Last fall, every time I heard someone say “Belize,” my ears would perk up. Now, most of the time, when people around me were talking about Belize, it was because they (or someone they knew) had been and wanted to recommend a particular site or activity. But once, it came up because a modality of massage called Mayan Abdominal Therapy originated in Belize. There happened to be a workshop in Seattle in November, and I signed myself up because obviously it was meant to be.
The workshop wasn’t exactly what I expected, but it did set up a very clear expectation for my trip to Belize: the Maya people had a strong connection to plant life as plants were used for food, buildings, clothing, medicine, and spiritual rituals, and that connection remains in Belize today. Dr. Rosita Arvigo, who studied with the Maya shaman Don Elijio Panti in Belize, brought the massage techniques and interest in medicinal plants to the U.S.
So when Mom and I arrived at Black Rock Lodge, and they mentioned that the Belize Botanic Gardens were just a canoe float away, I convinced Mom that we had to visit.
Before we got into the canoe, our guide Isaias warned us to keep our expectations in check – the gardens are not full of lush, beautiful flowers; but mostly medicinal plants.
We walked through the grounds, ending up in the orchid house, which was full of lush, beautiful flowers. So let’s start there.
This is Belize’s national flower – the black orchid. It’s an air flower, and usually grows on trees.
This is a vanilla orchid – it wasn’t currently flowering, but the flower produces the pod that has the vanilla flavoring we all know and love. This is the only orchid that produces edible fruit!
All right, let’s start back at the beginning. The grounds of the Belize Botanic Gardens are spread out to make several distinct parts of the park, grouping certain plants together. There were also a few small attractions, like the pond, where a family of turtles were sunning themselves on a log …
I only had my phone and not my big camera, so my pictures aren’t especially clear, but there’s one full grown turtle that you can easily see, and there were three tiny turtles crawling around 🙂
Another attraction was the Maya House, which was built completely out of materials from the botanic gardens, including a bed and kitchen inside.
The roof of the Maya House (as well as all the palapas we visited during the course of our stay) was thatched with leaves from the bay leaf palm tree. The leaves are bundled together and tightly woven to deter bugs from nesting in it and resist water. Several of our guides explained that the leaves have to be cut between the full moon and the new moon; if they are cut after the new moon, the molecules will be spaced further apart and the leaves won’t be as stable. Apparently, part of the roof over Black Rock Lodge’s restaurant had not been harvested at the right time in the moon’s cycle, and was prone to rot where the rest of the roof was fine.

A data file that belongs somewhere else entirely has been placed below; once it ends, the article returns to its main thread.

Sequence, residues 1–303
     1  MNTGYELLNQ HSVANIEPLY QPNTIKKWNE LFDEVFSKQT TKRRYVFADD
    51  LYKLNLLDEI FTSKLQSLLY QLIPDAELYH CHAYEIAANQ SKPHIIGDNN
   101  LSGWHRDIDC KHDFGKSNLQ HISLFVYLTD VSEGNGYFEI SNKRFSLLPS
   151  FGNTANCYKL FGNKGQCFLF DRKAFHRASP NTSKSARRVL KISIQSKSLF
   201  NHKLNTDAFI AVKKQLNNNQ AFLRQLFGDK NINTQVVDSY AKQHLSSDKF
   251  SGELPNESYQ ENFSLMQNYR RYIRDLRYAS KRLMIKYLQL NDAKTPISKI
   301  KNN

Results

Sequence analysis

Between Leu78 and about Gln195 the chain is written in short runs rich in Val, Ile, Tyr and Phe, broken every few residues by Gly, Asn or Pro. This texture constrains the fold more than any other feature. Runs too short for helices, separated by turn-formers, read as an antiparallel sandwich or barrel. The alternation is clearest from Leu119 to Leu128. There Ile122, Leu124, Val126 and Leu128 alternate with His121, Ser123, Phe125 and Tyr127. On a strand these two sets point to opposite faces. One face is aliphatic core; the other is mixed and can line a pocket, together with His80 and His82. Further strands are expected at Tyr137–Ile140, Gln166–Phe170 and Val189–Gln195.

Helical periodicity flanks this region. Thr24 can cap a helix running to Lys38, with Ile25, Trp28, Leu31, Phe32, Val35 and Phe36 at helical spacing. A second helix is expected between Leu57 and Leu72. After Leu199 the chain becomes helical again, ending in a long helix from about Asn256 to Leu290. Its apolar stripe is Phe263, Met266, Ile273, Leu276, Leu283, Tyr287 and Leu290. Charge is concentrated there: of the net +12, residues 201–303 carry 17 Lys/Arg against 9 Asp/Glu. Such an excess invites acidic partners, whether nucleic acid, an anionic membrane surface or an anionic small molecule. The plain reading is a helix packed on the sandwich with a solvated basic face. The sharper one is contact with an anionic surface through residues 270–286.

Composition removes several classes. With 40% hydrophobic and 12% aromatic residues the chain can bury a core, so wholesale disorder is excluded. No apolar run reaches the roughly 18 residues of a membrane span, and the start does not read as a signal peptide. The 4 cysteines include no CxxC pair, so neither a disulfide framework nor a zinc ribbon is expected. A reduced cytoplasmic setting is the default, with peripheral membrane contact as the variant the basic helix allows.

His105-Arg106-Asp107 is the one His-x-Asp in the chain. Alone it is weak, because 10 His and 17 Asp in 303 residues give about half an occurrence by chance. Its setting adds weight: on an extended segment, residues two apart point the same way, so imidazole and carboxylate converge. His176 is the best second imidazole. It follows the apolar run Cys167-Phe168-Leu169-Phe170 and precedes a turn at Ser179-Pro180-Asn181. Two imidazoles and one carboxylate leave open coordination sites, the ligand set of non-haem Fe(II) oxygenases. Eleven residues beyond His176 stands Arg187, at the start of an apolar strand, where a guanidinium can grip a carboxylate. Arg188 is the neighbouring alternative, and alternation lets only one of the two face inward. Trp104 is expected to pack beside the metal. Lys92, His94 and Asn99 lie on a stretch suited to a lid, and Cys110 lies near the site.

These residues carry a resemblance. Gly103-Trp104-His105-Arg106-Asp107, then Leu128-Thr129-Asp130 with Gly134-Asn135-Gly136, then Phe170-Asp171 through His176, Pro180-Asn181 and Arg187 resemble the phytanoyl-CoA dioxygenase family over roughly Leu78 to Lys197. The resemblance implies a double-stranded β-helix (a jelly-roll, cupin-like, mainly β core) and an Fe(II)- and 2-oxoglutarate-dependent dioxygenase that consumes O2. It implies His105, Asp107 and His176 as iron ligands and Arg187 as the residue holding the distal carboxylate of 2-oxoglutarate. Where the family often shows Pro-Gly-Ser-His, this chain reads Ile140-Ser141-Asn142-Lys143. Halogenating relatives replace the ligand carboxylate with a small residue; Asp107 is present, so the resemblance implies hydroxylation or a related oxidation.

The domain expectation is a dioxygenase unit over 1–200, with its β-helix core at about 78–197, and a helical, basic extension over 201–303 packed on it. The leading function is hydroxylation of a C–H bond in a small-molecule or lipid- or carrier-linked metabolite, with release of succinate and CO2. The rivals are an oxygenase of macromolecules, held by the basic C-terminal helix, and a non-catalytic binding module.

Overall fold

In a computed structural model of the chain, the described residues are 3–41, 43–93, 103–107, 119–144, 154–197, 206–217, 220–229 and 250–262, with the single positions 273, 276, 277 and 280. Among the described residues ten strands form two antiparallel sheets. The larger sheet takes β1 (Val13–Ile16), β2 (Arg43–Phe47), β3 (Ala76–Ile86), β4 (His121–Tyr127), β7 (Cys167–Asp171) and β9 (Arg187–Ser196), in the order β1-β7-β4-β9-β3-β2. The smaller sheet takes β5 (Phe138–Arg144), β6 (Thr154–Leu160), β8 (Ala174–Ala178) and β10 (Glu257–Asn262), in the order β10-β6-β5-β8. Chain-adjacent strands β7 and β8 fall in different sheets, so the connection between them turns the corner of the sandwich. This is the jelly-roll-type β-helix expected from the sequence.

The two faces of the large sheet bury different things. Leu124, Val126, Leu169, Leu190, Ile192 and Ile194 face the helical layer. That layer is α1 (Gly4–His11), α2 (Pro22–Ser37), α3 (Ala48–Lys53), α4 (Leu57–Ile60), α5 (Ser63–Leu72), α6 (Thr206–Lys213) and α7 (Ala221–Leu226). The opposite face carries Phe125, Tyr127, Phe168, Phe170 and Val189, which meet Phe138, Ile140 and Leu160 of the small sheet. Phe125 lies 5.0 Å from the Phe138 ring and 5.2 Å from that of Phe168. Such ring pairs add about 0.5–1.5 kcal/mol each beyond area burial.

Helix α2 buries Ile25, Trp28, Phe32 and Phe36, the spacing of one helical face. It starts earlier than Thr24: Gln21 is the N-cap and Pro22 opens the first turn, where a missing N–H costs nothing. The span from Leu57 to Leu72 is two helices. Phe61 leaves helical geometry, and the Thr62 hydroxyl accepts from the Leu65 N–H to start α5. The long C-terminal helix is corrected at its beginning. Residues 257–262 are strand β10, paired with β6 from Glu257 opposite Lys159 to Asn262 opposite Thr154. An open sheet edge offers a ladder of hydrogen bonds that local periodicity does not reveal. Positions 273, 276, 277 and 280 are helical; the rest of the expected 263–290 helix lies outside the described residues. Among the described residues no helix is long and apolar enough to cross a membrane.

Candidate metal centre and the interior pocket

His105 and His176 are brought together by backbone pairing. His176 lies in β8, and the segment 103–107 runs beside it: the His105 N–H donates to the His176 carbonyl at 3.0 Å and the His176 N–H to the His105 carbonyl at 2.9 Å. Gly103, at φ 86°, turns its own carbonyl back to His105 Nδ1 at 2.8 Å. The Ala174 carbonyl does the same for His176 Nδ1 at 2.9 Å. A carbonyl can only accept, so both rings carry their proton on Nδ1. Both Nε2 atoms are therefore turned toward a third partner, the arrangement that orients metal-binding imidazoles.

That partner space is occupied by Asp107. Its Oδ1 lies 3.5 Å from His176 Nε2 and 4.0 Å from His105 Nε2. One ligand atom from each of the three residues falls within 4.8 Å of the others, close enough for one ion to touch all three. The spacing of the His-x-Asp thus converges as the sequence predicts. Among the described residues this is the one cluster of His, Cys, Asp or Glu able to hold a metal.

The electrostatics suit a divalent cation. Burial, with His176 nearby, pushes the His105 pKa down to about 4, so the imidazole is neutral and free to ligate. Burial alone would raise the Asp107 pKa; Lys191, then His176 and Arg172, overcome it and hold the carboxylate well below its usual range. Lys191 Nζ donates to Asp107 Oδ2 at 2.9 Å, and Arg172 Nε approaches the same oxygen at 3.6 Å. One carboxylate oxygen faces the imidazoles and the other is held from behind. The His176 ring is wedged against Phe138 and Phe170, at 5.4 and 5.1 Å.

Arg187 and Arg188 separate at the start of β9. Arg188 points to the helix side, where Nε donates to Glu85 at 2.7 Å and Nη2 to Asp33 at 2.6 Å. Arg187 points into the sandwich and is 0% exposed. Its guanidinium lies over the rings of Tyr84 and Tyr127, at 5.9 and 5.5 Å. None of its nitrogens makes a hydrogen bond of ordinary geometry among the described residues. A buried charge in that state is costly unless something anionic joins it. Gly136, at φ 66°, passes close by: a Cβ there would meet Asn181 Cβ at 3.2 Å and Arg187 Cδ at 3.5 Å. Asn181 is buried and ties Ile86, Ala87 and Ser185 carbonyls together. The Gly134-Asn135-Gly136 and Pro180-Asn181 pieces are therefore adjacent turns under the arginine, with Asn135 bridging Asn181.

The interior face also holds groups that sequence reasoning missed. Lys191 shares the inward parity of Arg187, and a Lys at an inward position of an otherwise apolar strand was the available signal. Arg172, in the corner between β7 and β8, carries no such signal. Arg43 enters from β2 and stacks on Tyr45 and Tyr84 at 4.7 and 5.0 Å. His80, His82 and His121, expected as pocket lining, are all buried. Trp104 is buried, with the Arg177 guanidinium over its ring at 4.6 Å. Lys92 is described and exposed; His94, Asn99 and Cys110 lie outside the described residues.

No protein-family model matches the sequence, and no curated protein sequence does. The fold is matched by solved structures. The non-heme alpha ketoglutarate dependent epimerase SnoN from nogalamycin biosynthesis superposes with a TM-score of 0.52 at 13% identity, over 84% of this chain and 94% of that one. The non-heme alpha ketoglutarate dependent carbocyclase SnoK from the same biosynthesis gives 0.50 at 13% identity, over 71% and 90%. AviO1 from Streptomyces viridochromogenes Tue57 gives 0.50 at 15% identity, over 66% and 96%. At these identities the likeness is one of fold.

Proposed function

I took a ton of pictures, but I’ll spare you from sitting through innumerable photos of leafy green trees. Here were a couple of my favorites:
These are tamarind pods! I’m not sure why (maybe something to do with my quest to make the perfect pad Thai sauce, or maybe it’s the tamarind flavored margaritas I like at Matador) but I’m obsessed with tamarind. I’ve found tamarind pods and tamarind paste at our local Asian market, but I’d never seen them growing before. Isaias peeled a couple of pods for us to taste – they were extremely sour.
And this is a tiny cinnamon tree! Ground cinnamon of course comes from the bark, but we crushed the leaves up between our fingers and they were very fragrant.
As we walked through the grounds, Isaias kept plucking different fruits out of the trees for us to taste. I was really hungry, but I can’t say any of the things we tried were particularly good! After the tour, we headed back to the restaurant for lunch, where these toucans were having some pineapple.
But first, we walked through the rainforest portion of the grounds.
Over 70% of Belize is tropical rainforest which is protected by the government, however, rainforests are in trouble and since they provide nearly half of the earth’s oxygen, we kind of need them to stick around. Some things we should all be doing to help the rainforests:
- Shop less. Favor used over new, and local over imported when buying.
- Drive less, and consider alternate modes of transportation and carpooling to use less fossil fuel.
- Make sure the flowers and foliage you buy in your flower arrangements come from a sustainable source. In particular, xate (fishtail palm) has been so popular as a decorative palm that it’s been over-harvested.
I’ll leave you with one last flowering plant we saw at the botanic gardens – this one is called yesterday, today, and tomorrow, because the flowers change color as they bloom.
Back with more Belize adventures later this week!